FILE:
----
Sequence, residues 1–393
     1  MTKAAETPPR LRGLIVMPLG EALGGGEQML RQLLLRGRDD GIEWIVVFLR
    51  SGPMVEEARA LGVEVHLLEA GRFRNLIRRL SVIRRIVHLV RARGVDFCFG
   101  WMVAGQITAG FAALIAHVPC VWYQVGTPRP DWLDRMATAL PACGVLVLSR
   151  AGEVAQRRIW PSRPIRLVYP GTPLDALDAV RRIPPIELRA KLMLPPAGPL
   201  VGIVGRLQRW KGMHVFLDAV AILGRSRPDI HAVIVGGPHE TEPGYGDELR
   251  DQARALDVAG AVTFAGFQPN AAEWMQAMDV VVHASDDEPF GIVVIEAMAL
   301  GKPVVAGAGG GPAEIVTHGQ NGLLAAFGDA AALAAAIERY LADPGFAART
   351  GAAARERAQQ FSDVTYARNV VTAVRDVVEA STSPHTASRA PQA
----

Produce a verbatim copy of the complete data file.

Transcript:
Sequence, residues 1–393
     1  MTKAAETPPR LRGLIVMPLG EALGGGEQML RQLLLRGRDD GIEWIVVFLR
    51  SGPMVEEARA LGVEVHLLEA GRFRNLIRRL SVIRRIVHLV RARGVDFCFG
   101  WMVAGQITAG FAALIAHVPC VWYQVGTPRP DWLDRMATAL PACGVLVLSR
   151  AGEVAQRRIW PSRPIRLVYP GTPLDALDAV RRIPPIELRA KLMLPPAGPL
   201  VGIVGRLQRW KGMHVFLDAV AILGRSRPDI HAVIVGGPHE TEPGYGDELR
   251  DQARALDVAG AVTFAGFQPN AAEWMQAMDV VVHASDDEPF GIVVIEAMAL
   301  GKPVVAGAGG GPAEIVTHGQ NGLLAAFGDA AALAAAIERY LADPGFAART
   351  GAAARERAQQ FSDVTYARNV VTAVRDVVEA STSPHTASRA PQA